If you feel like indulging, the Steven F. Udvar-Hazy Center has a massive IMAX movie theater that plays both informative documentaries and current releases. The museums and centers include:
- Air and Space Museum
- African American History and Culture Museum
- American History Museum
- African Art Museum
- American Art Museum
- American Indian Museum
- Anacostia Community Museum
- Archives of American Art
- Arts and Industries Building
- Freer Gallery of Art
- National Zoo
- Natural History Museum
- Portrait Gallery
- Postal Museum
- Renwick Gallery
- S. Dillon Ripley Center
- Sackler Gallery
- Smithsonian Castle
- Smithsonian Gardens
+1 202-633-1000, si.edu. Each museum has their own operating hours so be sure to check with that museum.
See the Monuments
The National Mall isn’t actually a “mall.” It’s a spacious landscaped, tree-lined park filled with various walking paths and monuments. You could spend days trying to see them all as you walk around and explore. Here’s a list of the attractions and monuments on the National Mall:
- Belmont-Paul Women’s Equality National Monument – This building was home to the National Women’s Party for almost 90 years and was designated a national monument in 2016 by President Barack Obama. The building highlights the history and achievements of the suffrage movement, and is named after the former party president Alva Belmont, as well as the founder, Alice Paul. (Temporarily closed for renovations.)
- Constitution Gardens – 50 acres of landscaped gardens commemorate the framers of the Constitution and provide a beautiful place to sit and relax, especially during the summer when everything is in full bloom. Tree-lined paths meander around a tranquil lake and through the gardens, where you will see oak, maple, elm, and more.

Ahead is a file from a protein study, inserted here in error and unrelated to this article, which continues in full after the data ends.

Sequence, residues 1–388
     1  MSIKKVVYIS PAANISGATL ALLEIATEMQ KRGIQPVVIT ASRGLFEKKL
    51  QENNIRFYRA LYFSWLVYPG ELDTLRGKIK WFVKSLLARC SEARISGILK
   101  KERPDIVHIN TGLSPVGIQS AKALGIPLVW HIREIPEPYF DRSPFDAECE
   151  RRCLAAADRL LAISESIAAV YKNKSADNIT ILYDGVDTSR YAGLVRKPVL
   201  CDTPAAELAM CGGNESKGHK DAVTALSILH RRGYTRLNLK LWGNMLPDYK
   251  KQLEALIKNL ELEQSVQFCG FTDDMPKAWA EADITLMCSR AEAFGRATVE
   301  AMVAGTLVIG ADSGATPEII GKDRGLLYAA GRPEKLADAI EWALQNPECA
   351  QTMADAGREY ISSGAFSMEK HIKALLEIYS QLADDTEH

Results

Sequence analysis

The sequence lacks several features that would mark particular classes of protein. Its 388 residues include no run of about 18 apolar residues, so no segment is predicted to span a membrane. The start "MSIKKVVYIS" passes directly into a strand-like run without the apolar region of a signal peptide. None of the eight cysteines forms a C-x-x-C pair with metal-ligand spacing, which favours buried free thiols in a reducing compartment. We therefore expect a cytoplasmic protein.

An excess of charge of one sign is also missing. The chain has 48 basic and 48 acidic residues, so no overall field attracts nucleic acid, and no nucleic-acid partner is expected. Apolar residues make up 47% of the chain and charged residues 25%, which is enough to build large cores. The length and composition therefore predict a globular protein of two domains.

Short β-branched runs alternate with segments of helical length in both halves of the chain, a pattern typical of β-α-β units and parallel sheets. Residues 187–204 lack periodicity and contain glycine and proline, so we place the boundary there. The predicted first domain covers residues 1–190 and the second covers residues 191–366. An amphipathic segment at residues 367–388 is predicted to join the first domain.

- Ford’s Theatre National Historic Site – On April 14, 1865, President Abraham Lincoln was shot at Ford’s Theatre during a theatrical performance. His killer was John Wilkes Booth, a popular young actor and white supremacist. Lincoln was carried across Tenth Street to the Petersen boarding house where he died the next morning. The Theatre commemorates Lincoln’s legacy with a museum and special exhibits detailing his presidency and the aftermath of his death. And it’s still a working theater!
- Franklin Delano Roosevelt Memorial – This is a beautiful memorial which takes you through Roosevelt’s four terms in office using quotes carved in stone and beautiful bronze artwork. It’s one of my favorite memorials in the city and features a beautiful Japanese Garden as well as calming waterfalls.
- Korean War Veterans Memorial – The most popular memorial on the Mall has nineteen 8-foot-tall statues commemorating the millions who fought during the Korean War. The statues stand in juniper bushes and are separated by strips meant to resemble Korea’s rice paddies. There’s a calm, reflective pool at the end surrounding the Freedom Is Not Free Wall and Alcove. In 2022, a Wall of Remembrance was added with the inscription of the tens of thousands of servicemembers of the Korean Augmentation to the United States Army (KTUSA) who gave their lives in the war. It’s hauntingly beautiful and sad all at once.
- The Lincoln Memorial – This is home to the famous, giant statue of Abraham Lincoln. It’s one of the best…so good, I have an entire section about it below!